* In June 2014, DAP vice-president Teresa Kok was charged over a Chinese New Year video that mentioned neither the government nor any individual.

* On August 26, PAS parliamentarian Khalid Samad was charged for allegedly criticising the Selangor state sultan and the State Islamic Affairs Council over the confiscation of bibles.

Phil Robertson, deputy Asia director for the US-based Human Rights Watch, commented last month: “The Malaysian government is increasingly using the Sedition Act to instil fear and silence in political opponents and critics. Prime Minister Najib’s crackdown on free expression has shown his true rights-abusing colours.”

The government’s efforts to destroy Anwar and the opposition go back to 1998. Amid the Asian financial crisis, Anwar, who was deputy prime minister and finance minister, fell out with the UMNO leadership. His advocacy of the International Monetary Fund’s pro-market demands put him at odds with Prime Minister Mahathir Mohamad and UMNO’s business cronies.

Anwar was expelled from UMNO, detained and beaten up, then tried and convicted on fabricated corruption and sodomy charges. In 2004 the Federal Court overturned the first sodomy conviction, citing “unreliable” evidence. As Anwar become eligible to re-enter politics in 2008, a second sodomy charge was brought against him on the basis of dubious allegations by a former political aide.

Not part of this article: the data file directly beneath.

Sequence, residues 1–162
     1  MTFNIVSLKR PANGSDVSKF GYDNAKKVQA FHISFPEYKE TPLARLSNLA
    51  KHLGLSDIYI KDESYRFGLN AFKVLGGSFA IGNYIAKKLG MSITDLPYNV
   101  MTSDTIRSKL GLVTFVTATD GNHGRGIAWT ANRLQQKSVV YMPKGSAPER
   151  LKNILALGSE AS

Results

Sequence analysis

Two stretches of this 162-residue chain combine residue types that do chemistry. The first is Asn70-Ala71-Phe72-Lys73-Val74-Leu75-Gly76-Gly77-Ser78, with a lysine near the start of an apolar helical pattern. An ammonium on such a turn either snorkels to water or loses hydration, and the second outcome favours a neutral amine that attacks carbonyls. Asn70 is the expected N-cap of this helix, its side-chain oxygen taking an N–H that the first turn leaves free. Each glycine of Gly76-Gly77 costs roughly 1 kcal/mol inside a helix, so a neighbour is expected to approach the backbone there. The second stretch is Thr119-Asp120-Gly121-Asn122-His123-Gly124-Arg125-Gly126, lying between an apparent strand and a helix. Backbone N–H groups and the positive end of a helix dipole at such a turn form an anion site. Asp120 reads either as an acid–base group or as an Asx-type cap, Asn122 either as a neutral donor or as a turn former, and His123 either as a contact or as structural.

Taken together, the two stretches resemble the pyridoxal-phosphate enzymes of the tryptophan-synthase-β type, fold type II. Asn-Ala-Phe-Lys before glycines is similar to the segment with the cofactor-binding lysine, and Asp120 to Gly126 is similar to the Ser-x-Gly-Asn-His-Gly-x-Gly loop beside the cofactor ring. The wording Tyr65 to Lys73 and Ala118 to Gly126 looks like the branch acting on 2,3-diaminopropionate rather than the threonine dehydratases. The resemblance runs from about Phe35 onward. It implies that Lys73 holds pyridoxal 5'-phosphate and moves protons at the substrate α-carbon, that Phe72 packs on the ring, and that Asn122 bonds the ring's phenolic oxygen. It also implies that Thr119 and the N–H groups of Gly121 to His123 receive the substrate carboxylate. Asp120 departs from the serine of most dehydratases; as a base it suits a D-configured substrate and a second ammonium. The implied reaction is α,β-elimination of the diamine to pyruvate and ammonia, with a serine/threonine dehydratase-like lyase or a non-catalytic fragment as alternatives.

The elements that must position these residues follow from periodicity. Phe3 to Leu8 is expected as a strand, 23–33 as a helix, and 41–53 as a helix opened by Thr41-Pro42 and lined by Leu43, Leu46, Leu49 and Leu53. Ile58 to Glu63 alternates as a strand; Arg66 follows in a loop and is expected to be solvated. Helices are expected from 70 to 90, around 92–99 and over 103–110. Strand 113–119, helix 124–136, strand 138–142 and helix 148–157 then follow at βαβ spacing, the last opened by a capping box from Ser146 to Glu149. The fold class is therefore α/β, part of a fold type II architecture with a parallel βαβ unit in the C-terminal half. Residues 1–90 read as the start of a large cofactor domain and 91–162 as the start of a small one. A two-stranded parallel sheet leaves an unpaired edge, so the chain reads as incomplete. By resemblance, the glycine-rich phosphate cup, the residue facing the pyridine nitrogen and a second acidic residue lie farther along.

Nevertheless, the opposition PR made significant gains in the 2008 national elections and gained control of several state governments. The BN lost its two-thirds parliamentary majority and thus the power to change the constitution and electoral system at will.

After Najib took over the UMNO leadership in 2009, he sought to undermine the opposition both by pursuing the legal persecution of Anwar and posturing as a reformer. He offered economic concessions and cosmetic changes to the country’s anti-democratic legislation.

At the same time, Najib sought to improve relations with Washington by adapting to the Obama administration’s “pivot to Asia” aimed at undermining and militarily encircling China. Under Najib, the US and Malaysia have established closer military ties, with more than 75 joint exercises and other cooperative activities last year.

After the 2013 election, the PR refused to accept the result and held political rallies involving hundreds of thousands of people angered by the rigged ballot. The protests were aimed to gathering support from the Western powers, especially Washington, but were ignored by the Obama administration.

The Washington-based think tank, the Centre for Strategic and International Studies, noted three days after the 2013 election: “BN’s continued rule suggests US-Malaysian relations will remain robust, especially if Najib, who drove the process of improving relations with Washington, retains power.”

Obama personally congratulated Najib on his tainted election victory and visited Malaysia in April—the first US president to do so since 1966. He pointedly refused to meet with Anwar or other opposition figures—a snub that undoubtedly encouraged Najib to subsequently step up his persecution of the opposition.